From 1999 to present, she has won 1,014 races under her married name of Piermarini, for a combined total of 2,000 victories.
Tammi Piermarini started race riding in 1985 and achieved her first win on 30th August that same year aboard Go Darby and Joan – also at Suffolk Downs racecourse.
In 1987 she rode Tour d’Or to victory at Belmont Park, equalling the track record for 1 1/16 miles, before the duo went on to compete in that season’s Massachusetts Handicap (Grade 2) – the signature race at Suffolk Downs – finishing third behind Waquoit and Broad Brush in ‘one of the most thrilling renewals’ of that race.
Indeed, Suffolk Downs has witnessed the vast majority of her triumphs – 1,586 – although Piermarini has won at 15 different racecourses during her 27-year career.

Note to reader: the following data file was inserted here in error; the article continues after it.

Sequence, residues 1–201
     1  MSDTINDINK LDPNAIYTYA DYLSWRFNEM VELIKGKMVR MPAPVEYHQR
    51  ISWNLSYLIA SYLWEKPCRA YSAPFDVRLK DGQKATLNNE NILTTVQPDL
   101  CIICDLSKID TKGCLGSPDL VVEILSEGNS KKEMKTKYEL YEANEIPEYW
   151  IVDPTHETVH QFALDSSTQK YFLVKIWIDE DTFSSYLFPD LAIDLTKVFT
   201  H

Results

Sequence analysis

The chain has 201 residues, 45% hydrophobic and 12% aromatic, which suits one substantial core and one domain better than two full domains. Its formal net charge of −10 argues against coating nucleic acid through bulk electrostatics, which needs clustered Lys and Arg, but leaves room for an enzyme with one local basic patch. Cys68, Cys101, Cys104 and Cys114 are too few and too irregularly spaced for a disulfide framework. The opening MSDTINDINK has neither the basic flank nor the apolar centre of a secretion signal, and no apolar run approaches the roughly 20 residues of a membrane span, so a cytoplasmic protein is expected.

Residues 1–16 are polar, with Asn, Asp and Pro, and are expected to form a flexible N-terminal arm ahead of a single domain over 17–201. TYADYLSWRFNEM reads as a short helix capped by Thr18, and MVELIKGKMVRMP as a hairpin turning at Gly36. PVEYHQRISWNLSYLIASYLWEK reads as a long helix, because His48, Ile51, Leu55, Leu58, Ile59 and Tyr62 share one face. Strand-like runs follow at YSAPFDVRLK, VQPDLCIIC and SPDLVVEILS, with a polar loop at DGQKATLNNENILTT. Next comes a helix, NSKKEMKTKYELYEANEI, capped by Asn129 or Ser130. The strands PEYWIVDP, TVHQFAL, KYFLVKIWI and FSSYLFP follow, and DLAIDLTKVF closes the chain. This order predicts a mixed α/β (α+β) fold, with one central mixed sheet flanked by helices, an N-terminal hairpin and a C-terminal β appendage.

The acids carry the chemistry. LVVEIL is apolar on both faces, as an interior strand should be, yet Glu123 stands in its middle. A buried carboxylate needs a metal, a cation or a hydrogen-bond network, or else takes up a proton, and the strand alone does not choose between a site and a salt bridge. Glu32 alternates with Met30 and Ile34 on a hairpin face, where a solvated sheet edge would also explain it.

Suffolk Downs also saw her defy convention (on 15th May 2010), when just four weeks after giving birth to her third child, Sophia-Lawren Roseanne, by Caesarean Section, Piermarini rode no less than three winners on the Opening Day – having taped her incision and adopted supportive underwear!
Chuckling, she told Suzanne Salk: “Women are told not to even drive a car for six weeks” after childbirth, but, she knew her capabilities, and wasn’t afraid: “If you have fear when you’re riding you’re not going to be any good.
“If you get to that point you might as well retire … you don’t want to be out there making bad decisions.”
That year she topped the jockey tables at Suffolk Downs, with 199 victories, for the second time (in 2007, she became just the third woman in the racecourse’s history to win a meet riding title). She is currently leading this year’s jockey standings with 62 wins, 14 ahead of Jacqueline Davis.
TWIST OF FATE